A trip to a part of her native country she had never visited before was the next step toward Destiny. She had been resisting the idea of this trip for some time but as her mother was aging and wanted to see her birthplace one last time, the trip was duly organized and they set off for a remote corner of the world where there were rumoured to be more sheep than people and mountain goats roamed the rocky outcrops along the coast. Wild landscapes (like the coast of Ireland above) were a passion with our girl and the more stark the better as far as she was concerned. There were, of course, obligatory visits to old cemeteries in search of family graves but the deep wild grasses that choked the old burial sites added a challenge that made the expedition less gruesome. The first Synchronicity that augured a significant discovery was when she searched for a place to stay and discovered that the owner’s name was the same as her mother’s sister! Since neither the first nor surname was common this was an interesting co-incidence. Over the next two days, they were re-united with various relatives. Our girl had had an inexplicable feeling of reluctance that persisted from the time they arrived in the country. It felt like Destiny and she had been avoiding it for years. But as tends to be the case, the faster we run away, the faster we run headlong into Fate.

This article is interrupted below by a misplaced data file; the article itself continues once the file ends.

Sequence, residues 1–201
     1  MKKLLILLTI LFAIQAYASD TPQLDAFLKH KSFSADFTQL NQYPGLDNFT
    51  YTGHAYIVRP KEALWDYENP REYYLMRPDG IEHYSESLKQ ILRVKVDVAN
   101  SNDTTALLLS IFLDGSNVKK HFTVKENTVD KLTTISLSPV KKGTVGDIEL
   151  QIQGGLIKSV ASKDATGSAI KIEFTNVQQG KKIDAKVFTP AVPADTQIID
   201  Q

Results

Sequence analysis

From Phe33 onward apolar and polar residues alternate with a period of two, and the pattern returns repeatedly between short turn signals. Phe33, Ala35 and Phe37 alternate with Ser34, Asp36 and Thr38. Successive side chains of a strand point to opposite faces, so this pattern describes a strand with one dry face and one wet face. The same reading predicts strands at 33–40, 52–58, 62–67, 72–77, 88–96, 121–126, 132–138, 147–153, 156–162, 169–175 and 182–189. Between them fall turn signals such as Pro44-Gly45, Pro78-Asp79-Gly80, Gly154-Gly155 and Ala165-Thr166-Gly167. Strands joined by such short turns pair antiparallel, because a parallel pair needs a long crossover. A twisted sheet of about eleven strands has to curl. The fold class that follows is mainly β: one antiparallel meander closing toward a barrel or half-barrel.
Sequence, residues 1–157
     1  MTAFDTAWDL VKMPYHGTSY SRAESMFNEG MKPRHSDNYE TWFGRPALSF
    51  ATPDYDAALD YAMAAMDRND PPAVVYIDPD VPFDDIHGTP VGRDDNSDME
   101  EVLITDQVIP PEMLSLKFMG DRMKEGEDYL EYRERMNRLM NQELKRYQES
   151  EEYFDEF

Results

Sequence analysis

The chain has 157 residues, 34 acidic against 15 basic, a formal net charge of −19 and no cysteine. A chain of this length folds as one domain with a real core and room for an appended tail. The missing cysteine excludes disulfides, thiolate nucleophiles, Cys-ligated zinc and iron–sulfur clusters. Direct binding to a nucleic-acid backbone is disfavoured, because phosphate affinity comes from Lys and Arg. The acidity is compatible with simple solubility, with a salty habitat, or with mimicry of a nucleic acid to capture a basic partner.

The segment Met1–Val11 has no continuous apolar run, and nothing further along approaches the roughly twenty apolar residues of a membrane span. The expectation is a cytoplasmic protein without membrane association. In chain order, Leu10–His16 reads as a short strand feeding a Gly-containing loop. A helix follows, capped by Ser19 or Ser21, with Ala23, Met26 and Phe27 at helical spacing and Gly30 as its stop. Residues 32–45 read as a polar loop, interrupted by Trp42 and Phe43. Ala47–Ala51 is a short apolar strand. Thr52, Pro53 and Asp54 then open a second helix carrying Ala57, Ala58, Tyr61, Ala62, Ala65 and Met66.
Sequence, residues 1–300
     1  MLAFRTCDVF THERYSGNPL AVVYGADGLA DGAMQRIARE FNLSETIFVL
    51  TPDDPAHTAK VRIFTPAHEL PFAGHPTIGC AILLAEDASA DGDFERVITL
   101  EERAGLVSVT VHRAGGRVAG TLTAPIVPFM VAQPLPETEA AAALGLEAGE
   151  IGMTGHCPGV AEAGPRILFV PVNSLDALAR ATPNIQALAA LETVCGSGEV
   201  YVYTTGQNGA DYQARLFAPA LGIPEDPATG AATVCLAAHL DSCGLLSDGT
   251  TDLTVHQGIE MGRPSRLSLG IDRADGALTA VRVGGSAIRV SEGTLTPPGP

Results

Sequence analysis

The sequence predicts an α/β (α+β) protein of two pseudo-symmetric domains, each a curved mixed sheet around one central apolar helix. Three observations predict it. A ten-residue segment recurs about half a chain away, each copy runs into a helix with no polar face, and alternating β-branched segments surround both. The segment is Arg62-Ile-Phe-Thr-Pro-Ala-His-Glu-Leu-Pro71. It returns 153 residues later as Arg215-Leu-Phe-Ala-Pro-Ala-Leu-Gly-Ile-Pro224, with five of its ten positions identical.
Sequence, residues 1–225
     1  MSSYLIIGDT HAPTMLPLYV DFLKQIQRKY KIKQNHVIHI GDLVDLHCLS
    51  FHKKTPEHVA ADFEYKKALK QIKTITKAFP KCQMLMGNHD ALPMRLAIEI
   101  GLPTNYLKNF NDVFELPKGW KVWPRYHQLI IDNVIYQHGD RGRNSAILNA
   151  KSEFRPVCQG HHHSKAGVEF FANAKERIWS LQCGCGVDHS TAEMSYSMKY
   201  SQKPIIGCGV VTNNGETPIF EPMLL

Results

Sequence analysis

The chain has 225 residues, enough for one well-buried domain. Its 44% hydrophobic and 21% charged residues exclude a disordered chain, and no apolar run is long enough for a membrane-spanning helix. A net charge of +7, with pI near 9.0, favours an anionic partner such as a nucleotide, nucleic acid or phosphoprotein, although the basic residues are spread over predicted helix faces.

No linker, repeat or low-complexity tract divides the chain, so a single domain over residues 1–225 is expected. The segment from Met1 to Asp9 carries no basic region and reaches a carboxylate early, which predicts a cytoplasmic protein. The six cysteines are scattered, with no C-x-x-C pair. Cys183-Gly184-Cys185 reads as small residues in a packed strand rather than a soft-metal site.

Opening The Door To Fate
It was the day before they were to leave the little town. The B&B owner had arranged for a local man to drive them out to visit two old ladies who were cousins of her father. The B&B owner’s little girl was sitting inside the front door and our girl was keeping her entertained with a storybook when the doorbell rang. Moving the little girl safely to one side, she opened the door and there he was. It took only one look for them both to know that something momentous had just happened. It was the strangest meeting of her life. The man before her had golden eyes with green around the edges of the iris, as though amber had somehow been caught in peridot. He stared at her with amazement and an instant of recognition passed between them. But others were observing so she opened the door fully and her hostess welcomed the man in. His name was Diarmuid MacDubhshith (MacAfee or MacPhee in English). Because she only heard the name and did not see the spelling the co-incidence did not hit her then.
The Fates Gathering In the Stars by Elihu Vedder, 1887.